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MAP pricing — A business owner’s view

We rolled out our MAP [Minimum Advertised Price] policy about a year ago, and looking back I’m 100 percent confident that it was the right thing to do. It was a decent amount of work and took a fair amount of time — but it certainly wasn’t the largest task I ever undertook, and it didn’t distract from the other aspects of our business.

You see, I’m building a brand — not selling cheap stuff. It’s critically important that dealers who choose to sell Seizmik products can make money doing so. If they don’t, it’s inevitable that competition will devolve to price only, and the majority of our sales will end up with the retailer willing to take the lowest margin on the highest volume. While it’s not sustainable to have razor thin margins, I also don’t want all of my sales coming from the small number of retailers who can afford to take it to the lowest common denominator.

From the beginning I made it clear we were serious about enforcing our policy and quickly cut off a number of the largest web retailers because they violated the policy. I had serious conversations with our distributors to let them know they weren’t wasting their time helping us enforce our policy. I put my intention to stop selling to distributors who don’t enforce our MAP policy in writing. We showed them that we mean business, and it worked. Heck, it wasn’t even hard. And it was kinda fun.

Now we have a group of dealers who are actually helping us enforce the policy — they alert us when they come across someone in violation, and we take immediate action. Dealers have learned that they’re not wasting their time in helping catch violators and that they can improve their gross margin by doing so.

I’ve cut off a few dealers permanently because of repeated violations and had more voluntarily stop selling Seizmik products. To all of them, I say, “Good riddance.” If you’re interested in only competing on price and aren’t interested in maintaining a reasonable and sustainable profit, I’m not interested in doing business with you.

I’ve been very pleased with the support and cooperation I’ve had from all of Seizmik’s distributors in enforcing our MAP policy. In fact, most of them have exceeded my expectations. They were all understandably hesitant to throw their full support into the program because so many aftermarket brands have failed to execute and enforce their MAP policy — and some even violate their own policies. So it took a little time to earn their trust and get their full commitment, and I had to make the first move. But once established, things moved pretty quickly, and it’s certainly been consistent.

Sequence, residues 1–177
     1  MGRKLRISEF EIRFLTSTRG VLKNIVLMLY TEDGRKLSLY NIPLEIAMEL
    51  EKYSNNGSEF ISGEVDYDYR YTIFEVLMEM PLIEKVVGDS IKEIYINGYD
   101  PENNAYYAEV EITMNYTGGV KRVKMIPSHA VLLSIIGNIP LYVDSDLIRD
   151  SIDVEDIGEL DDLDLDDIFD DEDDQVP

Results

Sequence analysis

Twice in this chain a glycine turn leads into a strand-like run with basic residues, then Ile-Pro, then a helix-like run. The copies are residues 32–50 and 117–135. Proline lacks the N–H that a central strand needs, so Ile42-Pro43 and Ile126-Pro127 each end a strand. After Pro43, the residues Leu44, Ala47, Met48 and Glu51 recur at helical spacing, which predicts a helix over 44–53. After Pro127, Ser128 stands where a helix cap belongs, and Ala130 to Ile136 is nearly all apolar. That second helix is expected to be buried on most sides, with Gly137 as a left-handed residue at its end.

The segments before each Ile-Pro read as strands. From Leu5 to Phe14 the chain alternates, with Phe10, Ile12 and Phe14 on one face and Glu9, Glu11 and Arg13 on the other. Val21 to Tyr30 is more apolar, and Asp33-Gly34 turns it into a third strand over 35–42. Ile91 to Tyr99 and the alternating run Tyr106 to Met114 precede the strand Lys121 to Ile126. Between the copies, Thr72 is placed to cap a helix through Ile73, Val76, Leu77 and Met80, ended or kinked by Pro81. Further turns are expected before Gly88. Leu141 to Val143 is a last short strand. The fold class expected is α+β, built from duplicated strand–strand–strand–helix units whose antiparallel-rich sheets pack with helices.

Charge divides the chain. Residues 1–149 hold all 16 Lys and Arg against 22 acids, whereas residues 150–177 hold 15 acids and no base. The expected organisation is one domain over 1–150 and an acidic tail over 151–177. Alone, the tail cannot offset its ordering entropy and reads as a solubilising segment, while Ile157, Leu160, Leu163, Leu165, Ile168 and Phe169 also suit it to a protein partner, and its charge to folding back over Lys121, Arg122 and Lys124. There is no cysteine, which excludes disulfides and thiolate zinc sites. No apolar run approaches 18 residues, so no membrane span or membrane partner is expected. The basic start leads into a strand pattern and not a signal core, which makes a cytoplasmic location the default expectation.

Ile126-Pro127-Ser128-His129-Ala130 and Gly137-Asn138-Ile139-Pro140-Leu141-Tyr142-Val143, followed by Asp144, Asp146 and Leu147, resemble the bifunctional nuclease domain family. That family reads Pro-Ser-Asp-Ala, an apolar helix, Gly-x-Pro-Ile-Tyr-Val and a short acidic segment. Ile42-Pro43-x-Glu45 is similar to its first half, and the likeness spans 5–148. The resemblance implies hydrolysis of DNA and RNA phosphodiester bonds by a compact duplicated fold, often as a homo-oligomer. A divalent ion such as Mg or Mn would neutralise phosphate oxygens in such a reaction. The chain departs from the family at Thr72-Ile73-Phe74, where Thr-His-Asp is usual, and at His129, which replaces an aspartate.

So my advice to other companies (suppliers AND dealers) who are committed to the powersports channel and have a long-term strategy is this: Embrace MAP policy and enforce it consistently and relentlessly. Take it seriously and be committed. It’ll pay off quicker and be easier to manage than you expect.

And to the brands and retailers that aren’t committed to powersports and are interested in closing the next sale more than anything — keep on competing on price and participating in the race to the bottom. If the only competitive advantage you have is price, you’ll end up in the highly commoditized low margin business that you want to be in. You won’t have Seizmik products to sell, but you won’t miss them because we’re not the right fit for you.

We’re not perfect with our execution. Dealers sometimes get away with violating the policy, but only for a short time. Many have aliases, shady corporate structures and systems that make it very hard to cut off their access to products when they violate policies because we can’t figure out who they are. So while we’re not perfect, we’re consistent and relentless. If you’re one of the dealers who are trying to hide and play games, I’d like to respectfully ask you to just stop. You’re working hard to do something that isn’t profitable or sustainable, and we’ll eventually have our MAP policy enforced. I’d suggest you spend that time and energy fine tuning your business to be profitable and sustainable — and not detrimental to my business and the overall industry.

Seizmik makes quality products, and we stand  behind them with great support and service. We have the best warranty in the business, and we go the extra mile to make sure our customers are happy with us. All of this is possible because we have a sustainable margin structure in place throughout our distribution channel — and it’s sustainable, in part, because of our MAP policy.

Steve Shankin is founder/president/CEO of Fuquay Varina, N.C.-based Seizmik and its parent company Vialink. He got into the UTV accessory business in 2002. His companies have designed whole vehicles and extensively studied how consumers use UTVs.


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One Comment

  1. Well written article and could not agree more. I live by the creed “Price is what you pay, Value is what you get”. From the start we have always seen ourselves as brand ambassadors for all the companies and their product lines we represent. To get into “price wars” with other companies is a losing proposition for all parties involved. Period! Too many “Walmarts” in the industry to start off with. Besides, I work to damn hard to not deserve full margin on my products. I have actually dropped product lines from our inventory because they were selling their wares consumer direct for way below our own dealer cost. Don’t need the hassle.

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